Declining job listings, employee sentiments hinted at Starbucks' recent layoffs

1 month ago by James Mattone in Facts

Starbucks ($NASDAQ:SBUX) announced that it would be cutting 350 positions — or 5% of its staff — Tuesday, acting on rumors that it would shake up its corporate landscape and slim down in the face of a changing retail landscape.

Although executives hinted at major layoffs internally through memos, external job listing and employee sentiment data trended in line with a build-up to corporate firings.

On Starbucks' official job listing page, openings at its Starbucks Support Center, the very same place where the most layoffs happened, dropped from 139 listings on August 29 to 114 on August 31. That sharp decline continued until the day of the announced layoffs, where there were only 74 positions available for potential employees to apply to.

At the same time, the overall Business Outlook rating for Starbucks dropped one percentage point.

Focusing on their International Footprint

Trends for the Seattle-based coffee colossus aren't all heading South; they're heading overseas. According to a recent data pull of new Starbucks locations, over half of recently opened stores are outside the United States.

After the United States, China and the United Kingdom led all countries in new Starbucks locations, followed by Mexico and South Korea. The two cities with the most recently added stores were Seoul, South Korea and Shanghai, China.

Country New Stores (Updated on Nov. 3)
United States 67
China 36
United Kingdom 36
Mexico 29
South Korea 20
France 13
Germany 9
Canada 8
Chile 6
Spain 5
Romania 5
Japan 5
Thailand 5

This lines up with Starbucks' publicly-known focus in international markets this year, especially in China. Earlier this year, Starbucks' China CEO said they are opening a store "every 15 hours," and plans to have over 5,000 stores in the country by 2021.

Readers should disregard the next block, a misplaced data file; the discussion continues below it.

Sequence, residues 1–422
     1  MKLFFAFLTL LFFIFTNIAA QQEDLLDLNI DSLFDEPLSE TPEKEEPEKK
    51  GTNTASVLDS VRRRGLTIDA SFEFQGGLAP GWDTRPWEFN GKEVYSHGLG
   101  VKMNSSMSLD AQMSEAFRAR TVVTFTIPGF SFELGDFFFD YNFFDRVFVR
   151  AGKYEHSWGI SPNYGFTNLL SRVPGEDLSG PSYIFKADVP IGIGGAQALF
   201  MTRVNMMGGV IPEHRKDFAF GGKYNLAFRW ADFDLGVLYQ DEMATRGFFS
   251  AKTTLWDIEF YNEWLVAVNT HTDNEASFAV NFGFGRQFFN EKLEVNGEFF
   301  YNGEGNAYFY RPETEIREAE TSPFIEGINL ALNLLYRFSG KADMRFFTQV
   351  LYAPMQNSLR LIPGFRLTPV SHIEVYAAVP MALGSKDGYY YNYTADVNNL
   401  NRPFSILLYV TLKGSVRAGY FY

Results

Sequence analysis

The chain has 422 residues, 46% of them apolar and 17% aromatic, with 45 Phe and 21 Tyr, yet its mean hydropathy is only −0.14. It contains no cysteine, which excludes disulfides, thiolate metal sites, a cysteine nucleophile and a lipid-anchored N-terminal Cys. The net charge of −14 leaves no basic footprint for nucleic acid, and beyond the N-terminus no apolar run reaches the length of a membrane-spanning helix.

A look at their competition

While Starbucks is restructuring, its main rival, Dunkin' Donuts ($NASDAQ:DNKN) exceeded analyst expectations with its recent Q3 earnings report. It also has gotten confident that its new espresso recipe will draw customers to its stores, with its Chief Marketing Officer Tony Weisman firing shots at Starbucks at a recent media day, saying that, "Our espresso is so good, you don't have to go to Starbucks."

At the same time, corporate hiring at Dunkin' trends are booming, as after a summer opening drought, there are as many listings as there were in late March.

Meanwhile, Starbucks faces pressure for the so called "third wave" of coffee houses, especially in its most coveted territory of New York City. With the rise of upstart artisanal coffee chains La Colombe ($LACOLOMBE) and Blue Bottle ($BLUEBOTTLECOFFEE) among others, Starbucks is adapting to a newly saturated market by looking outside of the U.S. and trimming down its corporate headcount.

James Mattone

James is a recent Boston University graduate who calls the world of esports and video games his home. As a young journalist, he has already covered two E3 expos a...

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